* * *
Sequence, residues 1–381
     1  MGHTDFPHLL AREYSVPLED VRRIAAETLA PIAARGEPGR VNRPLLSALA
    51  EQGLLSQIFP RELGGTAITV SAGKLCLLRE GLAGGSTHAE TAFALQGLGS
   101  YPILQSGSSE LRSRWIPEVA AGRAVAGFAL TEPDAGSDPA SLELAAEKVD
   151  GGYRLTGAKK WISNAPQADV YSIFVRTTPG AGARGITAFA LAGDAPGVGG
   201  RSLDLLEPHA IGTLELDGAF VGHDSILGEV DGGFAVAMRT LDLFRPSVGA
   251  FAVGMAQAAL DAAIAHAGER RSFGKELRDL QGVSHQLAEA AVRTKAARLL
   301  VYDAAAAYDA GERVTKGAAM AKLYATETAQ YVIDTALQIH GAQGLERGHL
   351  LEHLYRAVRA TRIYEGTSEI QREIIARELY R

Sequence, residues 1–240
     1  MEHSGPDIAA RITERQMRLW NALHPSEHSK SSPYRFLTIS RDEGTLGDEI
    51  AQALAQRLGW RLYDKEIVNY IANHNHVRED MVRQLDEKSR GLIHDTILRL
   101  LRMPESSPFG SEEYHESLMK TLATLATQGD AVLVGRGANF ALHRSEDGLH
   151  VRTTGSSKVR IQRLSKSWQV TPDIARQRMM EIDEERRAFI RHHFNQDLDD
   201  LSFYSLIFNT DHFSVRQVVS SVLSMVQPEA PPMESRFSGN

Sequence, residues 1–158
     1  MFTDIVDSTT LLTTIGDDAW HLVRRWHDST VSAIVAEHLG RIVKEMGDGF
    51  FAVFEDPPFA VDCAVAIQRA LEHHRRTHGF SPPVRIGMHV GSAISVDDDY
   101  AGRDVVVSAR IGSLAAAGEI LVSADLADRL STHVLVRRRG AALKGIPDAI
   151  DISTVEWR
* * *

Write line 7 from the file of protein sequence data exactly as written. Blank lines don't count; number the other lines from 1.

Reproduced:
   251  FAVGMAQAAL DAAIAHAGER RSFGKELRDL QGVSHQLAEA AVRTKAARLL